Dances With The Wolves
Joe Carnahan’s The Grey is a mix of J.J. Abrams Lost and the “survival of the fittest” theory. A group of oil drillers are stranded in Alaska after a plane crash and they have to survive a nasty blizzard, hunger, frostbite and a pack of grey wolves. This film is based on the novel Ghost Walker by Ian MacKenzie Jeffers.
The Grey stars your action movie “go-to” guy. No, we’re not talking about Bruce Willis or Nicholas Cage, we’re talking about Liam Neeson. Taken may have suited his badass hero avatar but films such as Unknown, The A-Team and Clash of The Titans don’t enhance his reputation. These films needed protagonists who are more agile, more invulnerable. Neeson doesn’t deliver in the cited examples and neither does he in The Grey.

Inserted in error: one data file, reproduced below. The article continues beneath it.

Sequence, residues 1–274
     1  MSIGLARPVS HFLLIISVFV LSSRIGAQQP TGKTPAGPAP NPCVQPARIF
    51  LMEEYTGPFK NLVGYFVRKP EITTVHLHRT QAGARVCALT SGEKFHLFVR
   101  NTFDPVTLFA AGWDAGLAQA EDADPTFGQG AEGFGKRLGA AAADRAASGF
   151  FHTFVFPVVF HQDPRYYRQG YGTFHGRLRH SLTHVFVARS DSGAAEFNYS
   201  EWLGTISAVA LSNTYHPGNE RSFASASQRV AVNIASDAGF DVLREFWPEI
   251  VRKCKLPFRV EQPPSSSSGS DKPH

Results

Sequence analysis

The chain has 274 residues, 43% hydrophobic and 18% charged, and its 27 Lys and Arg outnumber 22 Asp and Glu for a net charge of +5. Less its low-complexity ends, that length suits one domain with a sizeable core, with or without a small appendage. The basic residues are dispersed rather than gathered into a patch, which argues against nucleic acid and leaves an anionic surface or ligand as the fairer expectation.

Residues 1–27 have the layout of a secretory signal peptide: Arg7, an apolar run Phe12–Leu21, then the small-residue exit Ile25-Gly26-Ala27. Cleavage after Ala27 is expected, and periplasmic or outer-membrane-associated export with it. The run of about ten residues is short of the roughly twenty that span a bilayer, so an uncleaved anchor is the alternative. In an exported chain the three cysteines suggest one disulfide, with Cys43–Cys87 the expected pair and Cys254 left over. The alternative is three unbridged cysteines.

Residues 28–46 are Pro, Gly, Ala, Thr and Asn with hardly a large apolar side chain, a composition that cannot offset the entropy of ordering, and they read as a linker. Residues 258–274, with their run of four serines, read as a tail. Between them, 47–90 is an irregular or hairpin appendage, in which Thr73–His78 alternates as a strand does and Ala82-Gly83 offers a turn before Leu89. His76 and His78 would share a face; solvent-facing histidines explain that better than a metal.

Carnahan adds more character to the wolves and not to the humans. We saw a similar occurrence in John Carpenter’s sci-fi horror classic, The Thing. But, that was where it all began – the eighties. Carnahan deviously lets his actors deliver metallic emotions, ensuring that the focus goes to the wolves. Sadly, the carnivores don’t bring much to the table. What more can you expect from prop animals?
Carnahan highlighted in a press conference that The Grey is about a man’s interior struggle for survival and brought in Christian messages to support him. Upon watching the film, I doubt that.